The translation of the text is, as usual for a TokyoPop release, not bad at all--it flows smoothly with minimal typos, and honorifics have been retained in their original Japanese form. Unfortunately, also in the tradition of TokyoPop releases, SFX have been left mostly untranslated, although those that might be considered crucial to the understanding of a scene are reprinted alongside the original in a variety of stylized fonts. Some of the smaller SFX on blank backgrounds have been replaced, while others have not, although I couldn’t quite determine the reasoning behind that decision. Another small irksome point is Tokyopop’s habit of occasionally typesetting vertically instead of horizontally. This can be forgiven in some cases, such as when the text would not fit horizontally in long, narrow text boxes, but it is an unnecessary distraction in several speech bubbles when the text could’ve been placed horizontally just as easily.
Keidai’s high school life, perhaps a normal one from the outside, is anything but--he remembers his past life as a Pompeian citizen. Even worse, the people closest to him are also reincarnations of his friends and family members in Pompeii, but they don’t remember anything about it. This includes Keidai’s best friend (the male Loleus in Pompeii, but the female Serizawa in Japan), and his new next-door-neighbor Yuuma… Who was once Keidai’s wife, Serena!
If this sounds like the plot to a gender-bending romantic comedy… Well, it is. And yes, there are all the cheap comedic angles that you would expect, involving several scenes where Keidai drools over “Serena,” only to be reminded, usually via a punch from Yuuma, that things have changed. Of course, you also get the hints of a possible future romance between Keidai and Serizawa, but the author has the sense to not shove it in your face. It’s not what is important in this series, which might be why TokyoPop has it tagged as a comedy instead of a romance.
Even so, the real meat of the first volume isn’t the wacky humor or the hints at romance. It’s about Keidai and the issues that arise from, well, being surrounded by people who don’t remember the things that he does. The plot devices that are used to explore some of these concepts (the girl who likes Keidai, or the play in later chapters) aren’t original by any means, but there’s so much earnestness behind them that it’s hard to get upset. Through all of these various situations, all that our endearingly clueless hero wants is to be with the people that he loves--and it’s hard to argue with that.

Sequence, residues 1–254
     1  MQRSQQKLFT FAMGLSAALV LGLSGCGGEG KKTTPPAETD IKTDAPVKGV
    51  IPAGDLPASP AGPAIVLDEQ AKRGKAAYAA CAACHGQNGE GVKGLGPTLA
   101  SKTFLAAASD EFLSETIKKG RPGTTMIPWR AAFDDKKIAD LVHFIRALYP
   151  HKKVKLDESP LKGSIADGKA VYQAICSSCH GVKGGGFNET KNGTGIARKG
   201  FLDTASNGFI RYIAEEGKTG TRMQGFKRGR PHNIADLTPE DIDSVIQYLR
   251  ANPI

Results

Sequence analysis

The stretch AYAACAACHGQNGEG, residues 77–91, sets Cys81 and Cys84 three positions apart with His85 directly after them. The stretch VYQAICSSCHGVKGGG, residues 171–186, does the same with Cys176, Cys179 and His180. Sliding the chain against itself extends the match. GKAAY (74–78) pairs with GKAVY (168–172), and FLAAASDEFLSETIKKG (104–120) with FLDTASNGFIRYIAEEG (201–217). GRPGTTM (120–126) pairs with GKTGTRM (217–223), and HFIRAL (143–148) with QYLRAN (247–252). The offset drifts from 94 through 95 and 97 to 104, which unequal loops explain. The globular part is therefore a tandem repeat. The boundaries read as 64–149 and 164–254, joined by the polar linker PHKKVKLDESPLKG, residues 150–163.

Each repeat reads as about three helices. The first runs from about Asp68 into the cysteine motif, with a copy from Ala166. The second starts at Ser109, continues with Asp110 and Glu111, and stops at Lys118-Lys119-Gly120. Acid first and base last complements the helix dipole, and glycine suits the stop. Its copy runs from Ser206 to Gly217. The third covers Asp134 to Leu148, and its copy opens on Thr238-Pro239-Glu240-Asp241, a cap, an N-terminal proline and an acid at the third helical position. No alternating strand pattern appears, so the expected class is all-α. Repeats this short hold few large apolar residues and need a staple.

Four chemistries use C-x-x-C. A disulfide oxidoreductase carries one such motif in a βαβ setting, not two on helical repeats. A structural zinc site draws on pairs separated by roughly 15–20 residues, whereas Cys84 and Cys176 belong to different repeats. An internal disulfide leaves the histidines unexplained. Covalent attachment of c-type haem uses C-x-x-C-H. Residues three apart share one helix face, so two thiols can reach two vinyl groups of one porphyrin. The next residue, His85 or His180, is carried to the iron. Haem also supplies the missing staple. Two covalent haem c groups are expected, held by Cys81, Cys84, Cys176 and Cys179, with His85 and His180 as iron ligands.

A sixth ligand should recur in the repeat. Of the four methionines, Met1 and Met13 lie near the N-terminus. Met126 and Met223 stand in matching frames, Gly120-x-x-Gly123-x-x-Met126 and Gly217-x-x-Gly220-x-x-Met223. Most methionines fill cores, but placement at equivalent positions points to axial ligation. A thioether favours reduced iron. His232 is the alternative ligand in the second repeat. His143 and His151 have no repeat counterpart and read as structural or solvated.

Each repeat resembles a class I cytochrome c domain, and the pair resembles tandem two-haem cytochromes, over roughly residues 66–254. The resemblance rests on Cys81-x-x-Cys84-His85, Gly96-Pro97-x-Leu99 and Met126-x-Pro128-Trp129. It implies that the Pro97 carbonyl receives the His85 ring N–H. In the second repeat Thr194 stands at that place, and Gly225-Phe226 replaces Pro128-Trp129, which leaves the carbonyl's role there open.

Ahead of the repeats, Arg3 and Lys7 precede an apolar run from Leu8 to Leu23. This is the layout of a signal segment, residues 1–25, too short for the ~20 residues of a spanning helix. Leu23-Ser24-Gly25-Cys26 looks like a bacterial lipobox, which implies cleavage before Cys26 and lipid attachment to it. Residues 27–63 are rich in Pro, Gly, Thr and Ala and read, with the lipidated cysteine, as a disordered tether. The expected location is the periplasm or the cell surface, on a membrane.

The first volume of NG Life, although nothing mind-blowing, is definitely enjoyable. The struggles of Keidai’s present life are so inextricably tied to his past life that I never felt like one was dominating the other--and, even more remarkably, I actually cared about what he’s going through now and what he went through in Pompeii. I found the comedic aspects of the story to be genuinely funny, although I could see Keidai’s stupidity getting on the nerves of some readers, while the (serious) romance is kept at a refreshing minimum. And whether Keidai’s stupidity is annoying or endearing, the fact that a male is the main character is enough to differentiate this from much of the shoujo on the market today. The selling point for me, though, is the character relationships, particularly how Yuuma’s arrival is forcing Keidai to reexamine how he views his current life. This first installment shows a lot of promise, so I only hope that the rest of the series won’t disappoint.